Our findings should be interpreted with consideration of the following limitations. First, we were not able to compare QFT conversion risk between smokers and nonsmokers because nearly all of our study participants reported smoking during the study followup period. If even low levels of cigarette smoking increase IGRA conversion substantially, there might have been minimal increased risk for higher frequency smokers, and our study might not have had sufficient power to detect a dose-response relationship. While we had adequate sample size to detect a RR of 1.8 or greater for QFT conversion between participants in the lowest and highest smoking exposure quartiles, the study was under-powered to conclude that there is no association between smoking and QFT conversion. We were also unable to control for history of exposure to persons with TB disease, which is a necessary causal factor for incident M. tuberculosis infection. The inclusion of participants who were not exposed to persons with TB disease in our analysis could have biased our results towards the null. However, controlling for a proxy variable “Have you ever known someone who had TB?” did not alter our findings (data not shown). Future longitudinal studies should investigate the risk of cigarette smoking on M. tuberculosis infection among study participants recruited from persons with known history of exposure to someone with TB disease.
It is also possible that our study participants were already at high risk for M. tuberculosis infection due to other risk factors, which might have overshadowed an incremental increase in risk due to cigarette smoking. In addition, as with TSTs, QFT assays have significant within-subject variability such that conversions and reversions often occur around the 0.35 IU/mL cutoff during serial testing even among persons who are at low risk for M. tuberculosis infection [31, 32]. While we used a conservative definition of QFT conversion to minimize misclassification in our analysis, the conversions observed in our study might not represent incident M. tuberculosis infection. Furthermore, since the recommended QFT cutoff of 0.35 IU/mL was derived to maximize specificity for M. tuberculosis infection, the use of this cutoff as an inclusion criterion could have resulted in the inclusion of some participants who were already infected with M. tuberculosis at baseline. However, restricting the analysis to only those participants with baseline QFT of <0.20 did not alter our findings (data not shown). Participants included in our study smoked fewer cigarettes than the participants who were excluded due to unavailable QFT results at 18 months. Therefore, our findings might not be generalizable to all PWID at risk for M. tuberculosis infection. Smoking levels were ascertained by self-report, which might have insufficient precision to evaluate a dose-response relationship. Lastly, we did not collect information regarding secondhand smoke exposure, which has been shown to be associated with M. tuberculosis infection among children .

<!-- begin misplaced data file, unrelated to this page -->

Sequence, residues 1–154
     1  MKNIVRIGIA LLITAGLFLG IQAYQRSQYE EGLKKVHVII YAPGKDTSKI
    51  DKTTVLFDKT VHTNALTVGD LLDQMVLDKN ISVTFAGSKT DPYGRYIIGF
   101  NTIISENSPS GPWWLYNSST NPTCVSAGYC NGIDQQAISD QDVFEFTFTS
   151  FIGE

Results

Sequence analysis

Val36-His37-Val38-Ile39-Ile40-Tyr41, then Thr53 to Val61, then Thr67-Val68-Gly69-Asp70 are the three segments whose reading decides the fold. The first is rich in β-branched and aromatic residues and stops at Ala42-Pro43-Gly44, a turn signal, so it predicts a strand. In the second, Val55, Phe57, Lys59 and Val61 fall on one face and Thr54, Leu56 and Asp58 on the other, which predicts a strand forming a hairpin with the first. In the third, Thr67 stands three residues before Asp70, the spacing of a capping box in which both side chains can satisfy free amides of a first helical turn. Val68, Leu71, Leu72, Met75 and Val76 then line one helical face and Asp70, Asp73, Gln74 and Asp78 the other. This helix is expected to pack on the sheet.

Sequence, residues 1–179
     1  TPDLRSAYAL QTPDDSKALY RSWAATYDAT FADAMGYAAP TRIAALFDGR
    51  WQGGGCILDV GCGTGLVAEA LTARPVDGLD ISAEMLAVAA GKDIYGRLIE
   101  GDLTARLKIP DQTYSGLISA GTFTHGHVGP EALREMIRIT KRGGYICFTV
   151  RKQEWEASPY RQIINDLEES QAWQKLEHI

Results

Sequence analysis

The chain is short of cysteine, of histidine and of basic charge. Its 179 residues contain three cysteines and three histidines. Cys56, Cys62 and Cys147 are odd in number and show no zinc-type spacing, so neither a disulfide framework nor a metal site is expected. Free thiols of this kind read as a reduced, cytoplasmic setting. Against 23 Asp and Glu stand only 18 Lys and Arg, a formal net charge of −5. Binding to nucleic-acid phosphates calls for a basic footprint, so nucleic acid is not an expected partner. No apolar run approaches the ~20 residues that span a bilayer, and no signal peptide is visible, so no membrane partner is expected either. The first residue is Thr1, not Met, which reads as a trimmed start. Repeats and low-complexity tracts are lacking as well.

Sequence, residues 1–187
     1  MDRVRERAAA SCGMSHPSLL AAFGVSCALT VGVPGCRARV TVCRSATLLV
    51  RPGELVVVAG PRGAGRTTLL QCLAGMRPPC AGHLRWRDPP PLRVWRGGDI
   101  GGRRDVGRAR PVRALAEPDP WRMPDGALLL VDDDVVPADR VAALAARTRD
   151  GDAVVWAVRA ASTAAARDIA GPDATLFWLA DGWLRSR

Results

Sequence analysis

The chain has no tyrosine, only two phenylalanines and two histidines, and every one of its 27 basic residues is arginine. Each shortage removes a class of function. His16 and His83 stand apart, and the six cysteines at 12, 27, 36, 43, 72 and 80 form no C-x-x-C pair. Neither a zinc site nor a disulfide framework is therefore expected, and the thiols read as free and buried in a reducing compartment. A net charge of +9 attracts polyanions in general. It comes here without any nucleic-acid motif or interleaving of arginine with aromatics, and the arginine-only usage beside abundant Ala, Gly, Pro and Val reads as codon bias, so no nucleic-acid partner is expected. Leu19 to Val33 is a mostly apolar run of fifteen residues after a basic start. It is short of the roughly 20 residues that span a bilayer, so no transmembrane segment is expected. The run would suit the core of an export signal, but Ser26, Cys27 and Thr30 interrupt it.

The present study is the first longitudinal cohort study to explore the relationship between cigarette-smoking intensity and M. tuberculosis infection, and the first to use IGRA conversion as the outcome. Given our findings and the limitations of previous research on this topic, additional research is needed to determine whether there is a causal relationship between smoking and M. tuberculosis infection. For example, a recent mathematical modeling study concluded that intensified tobacco control efforts could prevent 27 million TB-related deaths by 2050 . However, the authors of that study assumed a RR of 2.0 for the effect of smoking on M. tuberculosis infection in their model to arrive at this conclusion. Stronger evidence from larger longitudinal studies is needed to justify such assumptions. Ideally, such a study would be conducted among persons at high risk for M. tuberculosis infection, such as those with household exposure to persons with TB disease, and consists of sufficient numbers of smokers and nonsmokers. While the evidence of a causal relationship between smoking and M. tuberculosis infection is weak, substantial evidence exists that implicates smoking as an independent risk factor for the development of TB disease [1–8]. Therefore, integration of tobacco and TB control interventions remains a high priority for global health .
The authors wish to thank the study participants and the staff at Pro-COMUSIDA who assisted with data collection. The parent study was supported by U.S. National Institute on Drug Abuse (NIDA; R37DA019829). S. S. Shin received support from NIDA Dissertation Grant 1R36DA033152. Rodwell received support from a NIAID Career Development Award K01AI083784. Garfein received support from a NIDA grant (R01DA031074).
- WHO & The Union, Monograph on TB and Tobacco Control: Joining Efforts to Control Two Related Global Epidemics, World Health Organization & International Union Against Tuberculosis and Lung Disease, Geneva, Switzerland, 2007.
- H. H. Lin, M. Ezzati, and M. Murray, “Tobacco smoke, indoor air pollution and tuberculosis: a systematic review and meta-analysis,” PLoS Medicine, vol. 4, article e20, 2007.
- K. Slama, C. Y. Chiang, D. A. Enarson et al., “Tobacco and tuberculosis: a qualitative systematic review and meta-analysis,” International Journal of Tuberculosis and Lung Disease, vol. 11, no. 10, pp. 1049–1061, 2007.
- M. N. Bates, A. Khalakdina, M. Pai, L. Chang, F. Lessa, and K. R. Smith, “Risk of tuberculosis from exposure to tobacco smoke: a systematic review and meta-analysis,” Archives of Internal Medicine, vol. 167, no. 4, pp. 335–342, 2007.